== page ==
Digital signatures – not to be confused with electronic signatures such as scanned-in bit map images – are being adopted by businesses all over the world, gradually displacing pen and paper processes.

Why? Proponents cite a raft of benefits: security, resistant to fraud, compliance with a wide variety of legislation and standards, less time wasted collating signatures, reduced costs around paper, print and transporting documents for signing, plus integration with workflow, BPM, ECM and document management systems.

Ronan Lavelle, UK Country Manager of ARX, talks us through the facts, the benefits and some implementation advice.

TechRadar Pro: What are digital signatures and how long have they been around?

Ronan Lavelle: Digital signatures make it possible to sign documents while keeping them digital, portable and secure at all times. Once a document has been digitally signed, it becomes tamper-proof so that the signatures are invalidated if it is changed.

They've been around for a few years now and are compliant with a wide variety of international and local legislation and compliance requirements. In fact, just about the only document you can't sign digitally at the moment in the UK are related to probate and wills.

TRP: So what are the differences with this and electronic sigantures?

RL: The terms "electronic signature" and "digital signature" describe two very different technologies, yet they're often used as interchangeable terms. An electronic signature can be as basic as a typed name or a scanned image of a handwritten signature that is attached to the signed electronic record.

Because they lack measures for preventing forgery and information tampering, electronic signatures are very problematic in terms of maintaining security and integrity.

Electronic signatures can be provided by externally-managed, third-party services using proprietary technology, creating serious security, portability and usability limitations.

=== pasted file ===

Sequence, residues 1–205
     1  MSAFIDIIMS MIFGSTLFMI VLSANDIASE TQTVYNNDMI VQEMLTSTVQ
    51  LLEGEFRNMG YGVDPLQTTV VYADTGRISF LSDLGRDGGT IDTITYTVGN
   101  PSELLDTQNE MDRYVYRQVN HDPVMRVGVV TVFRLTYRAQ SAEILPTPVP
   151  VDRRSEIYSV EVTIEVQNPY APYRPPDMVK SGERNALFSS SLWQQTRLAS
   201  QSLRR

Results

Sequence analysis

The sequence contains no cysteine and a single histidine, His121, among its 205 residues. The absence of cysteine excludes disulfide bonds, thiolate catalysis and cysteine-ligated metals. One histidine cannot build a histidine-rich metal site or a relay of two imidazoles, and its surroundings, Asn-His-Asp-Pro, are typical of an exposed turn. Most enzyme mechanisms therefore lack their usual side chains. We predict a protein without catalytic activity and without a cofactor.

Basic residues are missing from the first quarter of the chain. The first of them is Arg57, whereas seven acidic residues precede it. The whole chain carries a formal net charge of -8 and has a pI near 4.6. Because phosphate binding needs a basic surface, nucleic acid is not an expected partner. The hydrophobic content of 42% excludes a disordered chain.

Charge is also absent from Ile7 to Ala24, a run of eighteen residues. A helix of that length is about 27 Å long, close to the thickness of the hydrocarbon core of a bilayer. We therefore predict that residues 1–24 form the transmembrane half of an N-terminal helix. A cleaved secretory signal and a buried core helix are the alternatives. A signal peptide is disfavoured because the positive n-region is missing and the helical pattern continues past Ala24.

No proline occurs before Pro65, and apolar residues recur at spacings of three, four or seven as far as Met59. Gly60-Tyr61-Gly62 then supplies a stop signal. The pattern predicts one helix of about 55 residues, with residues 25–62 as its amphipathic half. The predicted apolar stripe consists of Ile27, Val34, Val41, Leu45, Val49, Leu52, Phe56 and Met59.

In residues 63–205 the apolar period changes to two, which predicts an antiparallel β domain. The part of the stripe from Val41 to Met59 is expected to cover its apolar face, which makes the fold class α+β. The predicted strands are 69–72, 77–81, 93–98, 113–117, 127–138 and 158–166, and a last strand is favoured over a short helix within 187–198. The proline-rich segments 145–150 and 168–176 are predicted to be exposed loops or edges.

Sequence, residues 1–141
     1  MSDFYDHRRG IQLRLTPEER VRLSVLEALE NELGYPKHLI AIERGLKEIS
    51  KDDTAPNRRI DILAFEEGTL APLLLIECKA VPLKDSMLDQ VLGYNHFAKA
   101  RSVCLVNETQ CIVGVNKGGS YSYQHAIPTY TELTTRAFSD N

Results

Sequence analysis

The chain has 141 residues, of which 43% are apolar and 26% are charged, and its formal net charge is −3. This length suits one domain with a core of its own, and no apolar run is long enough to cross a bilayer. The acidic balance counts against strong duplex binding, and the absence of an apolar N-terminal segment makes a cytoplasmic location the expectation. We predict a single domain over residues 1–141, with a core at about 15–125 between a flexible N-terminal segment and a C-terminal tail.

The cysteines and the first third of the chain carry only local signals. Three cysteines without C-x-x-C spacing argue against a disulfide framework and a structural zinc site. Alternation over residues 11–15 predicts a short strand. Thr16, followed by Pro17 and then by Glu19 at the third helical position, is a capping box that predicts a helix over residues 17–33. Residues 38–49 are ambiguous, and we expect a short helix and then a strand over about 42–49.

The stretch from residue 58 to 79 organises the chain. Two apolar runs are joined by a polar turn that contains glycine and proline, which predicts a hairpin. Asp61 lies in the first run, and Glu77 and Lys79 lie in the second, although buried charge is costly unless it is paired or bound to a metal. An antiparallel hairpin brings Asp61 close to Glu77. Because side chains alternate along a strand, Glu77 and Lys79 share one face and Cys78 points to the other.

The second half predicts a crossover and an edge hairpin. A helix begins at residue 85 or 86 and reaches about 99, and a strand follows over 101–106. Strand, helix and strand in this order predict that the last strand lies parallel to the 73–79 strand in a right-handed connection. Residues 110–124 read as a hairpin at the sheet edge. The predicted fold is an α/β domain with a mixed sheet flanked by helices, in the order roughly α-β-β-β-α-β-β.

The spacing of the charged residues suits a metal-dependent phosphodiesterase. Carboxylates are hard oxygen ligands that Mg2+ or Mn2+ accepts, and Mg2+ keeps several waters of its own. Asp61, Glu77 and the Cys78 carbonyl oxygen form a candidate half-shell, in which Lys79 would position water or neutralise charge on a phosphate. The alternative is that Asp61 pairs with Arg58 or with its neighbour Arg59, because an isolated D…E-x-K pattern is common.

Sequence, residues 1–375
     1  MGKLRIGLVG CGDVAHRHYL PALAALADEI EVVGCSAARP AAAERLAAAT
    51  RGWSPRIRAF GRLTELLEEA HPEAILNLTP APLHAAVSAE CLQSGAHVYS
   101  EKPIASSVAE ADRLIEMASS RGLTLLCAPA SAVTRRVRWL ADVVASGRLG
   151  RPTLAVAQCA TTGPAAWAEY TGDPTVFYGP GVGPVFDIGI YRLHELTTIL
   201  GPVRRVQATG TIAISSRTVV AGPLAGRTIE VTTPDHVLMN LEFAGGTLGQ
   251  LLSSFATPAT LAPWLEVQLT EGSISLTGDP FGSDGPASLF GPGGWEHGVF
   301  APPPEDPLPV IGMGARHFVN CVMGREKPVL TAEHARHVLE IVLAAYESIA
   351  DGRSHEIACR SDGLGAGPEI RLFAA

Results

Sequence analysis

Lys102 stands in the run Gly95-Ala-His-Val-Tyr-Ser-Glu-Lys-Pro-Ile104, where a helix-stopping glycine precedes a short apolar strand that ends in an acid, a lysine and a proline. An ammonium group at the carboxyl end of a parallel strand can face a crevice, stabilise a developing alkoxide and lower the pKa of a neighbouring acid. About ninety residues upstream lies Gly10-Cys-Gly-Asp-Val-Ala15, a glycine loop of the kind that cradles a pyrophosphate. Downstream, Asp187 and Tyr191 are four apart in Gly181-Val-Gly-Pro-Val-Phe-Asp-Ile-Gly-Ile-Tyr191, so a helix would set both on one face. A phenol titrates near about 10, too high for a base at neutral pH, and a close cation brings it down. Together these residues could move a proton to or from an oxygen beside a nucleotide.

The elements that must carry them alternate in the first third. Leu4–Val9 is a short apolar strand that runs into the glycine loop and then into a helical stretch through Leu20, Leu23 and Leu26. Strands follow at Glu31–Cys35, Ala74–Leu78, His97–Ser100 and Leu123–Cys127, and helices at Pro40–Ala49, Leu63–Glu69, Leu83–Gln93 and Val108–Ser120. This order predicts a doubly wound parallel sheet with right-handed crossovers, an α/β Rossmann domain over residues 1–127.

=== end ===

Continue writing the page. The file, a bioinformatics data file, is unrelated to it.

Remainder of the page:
A digital signature, also known as an advanced, standard or secure electronic signature, is based on globally accepted Public Key Infrastructure (PKI) standards and provides the highest levels of security and universal acceptance.

Digital signatures are the result of a cryptographic operation that creates a 'fingerprint' unique to both the signer and the content, so that they cannot be copied, forged or tampered with.

This process provides proof of signer identity and data integrity for eliminating the possibility of anyone repudiating the signed documents. All this information can be easily verified using widely available applications such as Microsoft Office and most PDF readers.

TRP: What's wrong with old-fashioned paper-and-ink signatures anyway?

RL: Signatures play a much bigger role in business life than most of us realise. Research by AIIM found that worldwide, around half of organisations surveyed print documents just to get a (valid and legally enforceable) signature, and that number rises to 80 per cent in the UK, according to YouGov (YouGov research, Oct 2013).

All kinds of problems are created as soon as a document is printed out for signing. For a start, this breaks any 'end to end' processes that are in use, which defeats the purpose of automation and the push toward a paperless office.

These breaks easily lead to errors, regardless of whether the final version is kept as paper or is scanned back into the system.

Also, printing and routing documents for signing takes time and costs money: I know of one instance when a 20Kg box of documents was couriered to someone in Brazil who had to return them once they were signed, wasting significant amounts of both time and money. In fact, AIIM reckons that collecting 'wet ink' signatures adds on average 3 days to most processes.

Finally, there have been some high profile instances of fraud which was based on how easy it is to copy pen and paper signatures. Basic electronic signatures are arguably no more fraud-proof than manual signatures, but digital signatures are designed to overcome any security concerns.